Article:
A collection of toys that Boris killed

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Seriously random shit

To honour the memory of the poor unfortunate animals who lost their happy little lives to Boris Yeltsin (our 9-month old Polish Lowland Sheepdog puppy), I decided to do project based around the idea of the Victorian death photograph. This form of death portraiture involved people taking photographs of the dearly departed in a way that made them look like they were alive — dead children were propped up on chairs, surrounded with members of the family or items they liked. Some even went so far as painting fake eyes on their faces. In a time when epidemics scarred Victorian England, these photographs were a way of celebrating the dead and coping with grief.

To the animals who suffered at the paws of The Evil Ball of Fluff,
May they have eternal rest,
May perpetual light shine upon them,
May they rest in peace.

(And to the other animals who are not featured here but suffered none the less,
You may be gone, but you will never be forgotten.)


The Evil Ball of Fluff



The Dead



Complete name: Mr Raccoon
Approximate age:
2 hours
Cause of death:



Complete name: Red Stripey Christmas Monkey
Approximate age:
3 months
Cause of death:
Injury to the temporal lobe



Complete name: Monsieur Elephant
Approximate age:
2.5 weeks
Cause of death:
Profuse hemorrhaging from the foot and ear



Complete name: Ducky
Approximate age:
4 months
Cause of death:
Several breaks in the cervical and lumbar spine; sustained blow to the dorsal scapular artery



Complete name: Orange Monkey
Approximate age:
1 week
Cause of death:
Acute damage to the frontal and temporal lobes; brain hemorrhage



Complete name: Norman from The Secret Lives of Pets
Approximate age:
2.5 months
Cause of death:
Immense grief from loss of hearing





An obsession with 100% rye bread

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When I took the “What nationality should you actually be?” quiz on Playbuzz and got “German”, I secretly believed it was true. Now anyone who knows me well knows that I am as un-German as one can get — not only do I have brown skin and dark eyes, I’m also perpetually late for everything. But every autumn in Melbourne, my fictional northern European roots emerge in the form of an intense craving for and obsession with dark rye bread. I’m not entirely sure how it all started, but when the weather drops below 20 degrees, I find myself in a bakery having a jovial conversation with the baker about the difference between a Schwarzbrot and a Borodinsky —  all while wolfing down a thick slice of malty, aniseed-y goodness smothered in salted butter.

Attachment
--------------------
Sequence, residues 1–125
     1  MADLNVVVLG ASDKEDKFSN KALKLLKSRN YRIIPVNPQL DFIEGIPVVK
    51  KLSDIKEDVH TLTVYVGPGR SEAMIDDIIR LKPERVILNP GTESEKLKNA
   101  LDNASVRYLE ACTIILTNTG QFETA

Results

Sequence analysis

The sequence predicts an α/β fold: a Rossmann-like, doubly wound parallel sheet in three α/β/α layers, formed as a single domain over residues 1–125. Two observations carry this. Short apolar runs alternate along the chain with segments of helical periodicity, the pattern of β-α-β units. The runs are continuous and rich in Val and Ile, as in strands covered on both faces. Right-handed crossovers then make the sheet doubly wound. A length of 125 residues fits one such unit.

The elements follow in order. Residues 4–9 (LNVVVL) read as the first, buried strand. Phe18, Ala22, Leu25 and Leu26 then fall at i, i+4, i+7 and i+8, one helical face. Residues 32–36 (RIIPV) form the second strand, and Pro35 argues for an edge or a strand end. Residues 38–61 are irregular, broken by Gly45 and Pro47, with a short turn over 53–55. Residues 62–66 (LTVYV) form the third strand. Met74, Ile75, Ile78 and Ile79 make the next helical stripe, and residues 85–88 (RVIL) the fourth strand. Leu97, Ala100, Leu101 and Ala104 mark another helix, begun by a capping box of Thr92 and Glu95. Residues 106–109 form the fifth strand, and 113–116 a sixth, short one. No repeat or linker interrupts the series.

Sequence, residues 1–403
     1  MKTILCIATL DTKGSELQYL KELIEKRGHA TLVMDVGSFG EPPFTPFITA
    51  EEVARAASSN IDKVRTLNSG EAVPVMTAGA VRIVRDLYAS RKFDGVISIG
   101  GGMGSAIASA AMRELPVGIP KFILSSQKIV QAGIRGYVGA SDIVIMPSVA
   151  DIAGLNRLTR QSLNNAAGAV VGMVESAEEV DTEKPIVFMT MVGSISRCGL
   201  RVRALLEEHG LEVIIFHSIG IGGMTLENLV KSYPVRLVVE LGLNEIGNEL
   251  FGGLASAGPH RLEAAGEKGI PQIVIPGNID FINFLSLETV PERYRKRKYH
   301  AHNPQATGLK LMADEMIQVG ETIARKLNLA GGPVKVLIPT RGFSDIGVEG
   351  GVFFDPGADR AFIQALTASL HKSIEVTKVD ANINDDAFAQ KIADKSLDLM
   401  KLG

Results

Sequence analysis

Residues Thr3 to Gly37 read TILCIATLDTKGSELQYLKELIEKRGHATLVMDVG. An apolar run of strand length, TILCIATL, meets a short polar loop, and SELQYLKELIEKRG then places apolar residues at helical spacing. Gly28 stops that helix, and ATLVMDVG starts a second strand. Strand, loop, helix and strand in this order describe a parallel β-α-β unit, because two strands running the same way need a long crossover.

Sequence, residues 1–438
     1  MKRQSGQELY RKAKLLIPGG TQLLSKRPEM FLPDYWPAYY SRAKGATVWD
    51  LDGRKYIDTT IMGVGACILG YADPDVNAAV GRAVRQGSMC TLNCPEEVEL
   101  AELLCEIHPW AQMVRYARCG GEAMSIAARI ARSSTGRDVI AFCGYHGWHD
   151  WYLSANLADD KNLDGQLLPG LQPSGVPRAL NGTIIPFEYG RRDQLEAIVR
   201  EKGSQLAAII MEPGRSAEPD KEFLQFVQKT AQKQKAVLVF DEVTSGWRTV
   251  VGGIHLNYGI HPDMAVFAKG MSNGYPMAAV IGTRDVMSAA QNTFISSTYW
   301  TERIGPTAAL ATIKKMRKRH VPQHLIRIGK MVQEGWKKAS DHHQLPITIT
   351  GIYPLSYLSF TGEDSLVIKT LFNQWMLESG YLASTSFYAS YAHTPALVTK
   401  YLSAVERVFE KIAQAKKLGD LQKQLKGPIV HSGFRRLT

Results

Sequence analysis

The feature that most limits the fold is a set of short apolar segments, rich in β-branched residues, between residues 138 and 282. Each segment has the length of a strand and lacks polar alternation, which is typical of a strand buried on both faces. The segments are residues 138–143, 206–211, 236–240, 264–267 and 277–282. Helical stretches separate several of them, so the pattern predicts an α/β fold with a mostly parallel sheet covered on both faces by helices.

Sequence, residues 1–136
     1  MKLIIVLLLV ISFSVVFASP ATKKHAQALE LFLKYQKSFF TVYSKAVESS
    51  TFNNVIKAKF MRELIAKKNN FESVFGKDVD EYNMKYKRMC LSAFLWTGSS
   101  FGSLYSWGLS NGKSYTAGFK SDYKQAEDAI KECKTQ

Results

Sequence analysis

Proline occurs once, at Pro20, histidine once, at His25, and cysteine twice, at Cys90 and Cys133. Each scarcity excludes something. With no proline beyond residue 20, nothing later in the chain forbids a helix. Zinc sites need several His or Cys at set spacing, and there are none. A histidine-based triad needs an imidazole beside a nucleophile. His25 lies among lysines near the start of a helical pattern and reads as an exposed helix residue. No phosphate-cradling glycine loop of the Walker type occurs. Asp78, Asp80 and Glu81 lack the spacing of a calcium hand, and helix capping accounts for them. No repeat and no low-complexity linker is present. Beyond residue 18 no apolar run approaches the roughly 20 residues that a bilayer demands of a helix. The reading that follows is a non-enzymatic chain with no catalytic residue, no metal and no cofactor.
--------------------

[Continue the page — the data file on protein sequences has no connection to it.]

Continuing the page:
This year I decided to document this obsession and as a result, I probably have enough bread to last me through to next autumn. (The Husband asked if Jesus had been in our kitchen because it looked like someone had miraculously multiplied loaves of rye to feed the masses.) Here’s where I found the top baker’s dozen and how much I liked each of them.

Typeset in Axioforma by Galin Kastelov and Sabon Italic by Jan Tschichold


A year of shifting spaces

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Seriously random shit

I often find it trite and a wee bit cringeable when people do a retrospective on “the year that was” or do a countdown of “the top” whatever for the year. Yet here I am at the beginning of 2017, struck down with food poisoning, bored out of my head without anything much to do except reflect on the year that was. But whether this bout of sentimentality is caused by salmonella or not, I think it was a year worth writing about anyway.

2016 was totally manic, hence this blog’s radio silence. It was the year where I found using the phrase “for the first time in my life” quite a lot. Whether it was as momentous as leaving my full-time job of 8 years to become a lecturer at design school or as small as discovering the joys of using the audio guide to explore the national gallery, the year that passed was a time of shifting places, spaces, experiences and perspectives. As each change came along, I took them on with the reckless bravado of Han Solo and the forward planning skills of a headless chicken. I pretended to know exactly what I was doing.

So how does one cope when an overwhelming amount of things happen in a seemingly short amount of time? By doing a visualisation, of course! Each section in this info graphic represents a shift in:

01: Physical space
02: Head space
03: Familiar people (occupying a different space in my life)
04: Familiar spaces (looking at them differently)
05: The body
06: Responsibilities

The biggest irony of it all is that despite all this change, I never left Victoria in 2016. Staying put has never been my forte and the husband summarised my lack of travel aptly as “Tragic.”

So as I feel my stomach churn and feel vomit number 498 come on, I purge the last bits of mania out of my system and say, “Let’s do this, 2017… let’s have a really boring year!”

Typeset in Circular by Lineto